Dumas has already publicly—on TV, radio and in print—admitted huge bribes were paid in the Taiwanese deal. Dumas was recently visited by Hsieh Tsung-min, a policy adviser to the Taiwanese president Chen Shui-bian. During the visit, that occurred late last year, Dumas dropped a bombshell on Hsieh.
He claimed that millions had been paid in bribes by Thomson CSF and that the bribes were laundered through South African bank accounts. But he also pointed out that—thanks to a quirk in French financial laws—it would be easy to catch the bribe-takers.
Said Hsieh: “He told me that French companies paying commissions to foreign governments or individuals in relation to export sales are required to report these payments to the French ministry of finance and that the finance ministry has lists of these payments for individuals in Taiwan, the People’s Republic of China and the United States. Dumas suggested methods by which we could get a copies of the list for Taiwan.”
In France “commissions” are considered a legitimate business Pexpense.The implication of this quirk of the French law is that, if Thomson CSF—or any French firm, did bribe any South African official, investigators need only knock at the door of the French ministry of finance to get the full details of who was bought and with how much.
Sources within the Heath Special Investigating Unit told the M&G that this was one of the routes they would have “seriously considered” taking in order to probe any allegations of bribery in the deal.
However, this week Minister of Justice Penuell Maduna recommended Heath be excluded from the probe into the arms deal. But, far more shocking than the allegations of bribery, it has emerged that Thomson CSF agents stand accused of a string of murders. The accusations have not been made in France, but in Taiwan and have led to the Taiwanese police asking Interpol to help trace a prominent Thomson CSF official who was based in Taipei.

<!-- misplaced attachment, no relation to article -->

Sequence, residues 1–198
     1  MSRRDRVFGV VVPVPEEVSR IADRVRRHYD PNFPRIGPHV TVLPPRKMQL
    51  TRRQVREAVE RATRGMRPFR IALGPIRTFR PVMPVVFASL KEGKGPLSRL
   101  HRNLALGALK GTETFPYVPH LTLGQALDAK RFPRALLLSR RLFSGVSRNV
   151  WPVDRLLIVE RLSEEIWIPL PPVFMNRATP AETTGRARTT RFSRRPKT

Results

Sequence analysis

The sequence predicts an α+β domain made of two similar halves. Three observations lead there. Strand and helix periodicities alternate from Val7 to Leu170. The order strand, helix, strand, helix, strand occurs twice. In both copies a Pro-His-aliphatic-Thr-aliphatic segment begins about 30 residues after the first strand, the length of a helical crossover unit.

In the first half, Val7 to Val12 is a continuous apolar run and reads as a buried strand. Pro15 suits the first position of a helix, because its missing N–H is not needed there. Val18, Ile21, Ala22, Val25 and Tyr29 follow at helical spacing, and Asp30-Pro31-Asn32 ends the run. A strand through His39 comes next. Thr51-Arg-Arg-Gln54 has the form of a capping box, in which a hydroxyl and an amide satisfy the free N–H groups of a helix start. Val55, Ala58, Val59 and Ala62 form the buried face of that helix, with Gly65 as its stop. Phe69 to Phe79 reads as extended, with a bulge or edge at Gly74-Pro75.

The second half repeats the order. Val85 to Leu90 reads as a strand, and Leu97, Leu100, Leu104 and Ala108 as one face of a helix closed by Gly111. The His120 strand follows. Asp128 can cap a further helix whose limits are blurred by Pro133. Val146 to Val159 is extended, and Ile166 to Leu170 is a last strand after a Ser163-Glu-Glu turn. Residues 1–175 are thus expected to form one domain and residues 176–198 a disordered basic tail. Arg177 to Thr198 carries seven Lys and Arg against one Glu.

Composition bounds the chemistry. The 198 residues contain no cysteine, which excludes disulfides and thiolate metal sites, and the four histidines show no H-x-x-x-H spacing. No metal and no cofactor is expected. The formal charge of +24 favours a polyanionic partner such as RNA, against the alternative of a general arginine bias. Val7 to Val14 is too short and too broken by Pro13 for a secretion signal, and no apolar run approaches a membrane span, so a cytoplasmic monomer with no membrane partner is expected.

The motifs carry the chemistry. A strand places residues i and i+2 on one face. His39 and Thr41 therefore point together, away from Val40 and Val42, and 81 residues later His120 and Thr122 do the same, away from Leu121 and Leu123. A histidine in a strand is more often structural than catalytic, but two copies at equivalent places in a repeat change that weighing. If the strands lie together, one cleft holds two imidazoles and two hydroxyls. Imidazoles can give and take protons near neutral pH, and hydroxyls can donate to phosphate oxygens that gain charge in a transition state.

The Taiwanese police allege that Andrew Wang, a Thomson CSF agent, participated in the 1993 murder of navy Captain Yin Ching-fen who was about to blow the whistle on kickbacks paid by Thomson in order to secure the frigate deal. Yin, a young naval captain with an engineering background, had travelled to France together with a number of top Taiwanese government officials in order to inspect the construction of the frigates.
According to both his sister—who the M&G contacted through her website—and the policy adviser Hsieh, during one of these visits Yin compiled a list of serious defects in the vessels that were being built for Taiwan.
Within days of his return, an anonymous letter to the Taiwanese president accused the navy captain of corruption.In order to clear his name, Yin immediately began collecting information on the Taiwanese arms deal and taping his conversation with arms dealers. Two days after he began his quest his body was found in the sea off Eastern Taiwan.Wang immediately fled Taiwan.
Hsieh claimed: “Cracking the murder will be very difficult.” He pointed out that there is a lack of direct evidence as one Thomson official rumoured to have been involved in the murder, Jean-Claude Albessard, had died last March while a French national with knowledge of the deal, Thierry Imbot, “died in mysterious circumstances in South Africa last October”.
The M&G learned this week that French police and intelligence services secretly probed the death of Imbot, the son of former French intelligence agency chief Rene Imbot, and a possible connection with the Taiwanese frigate deal.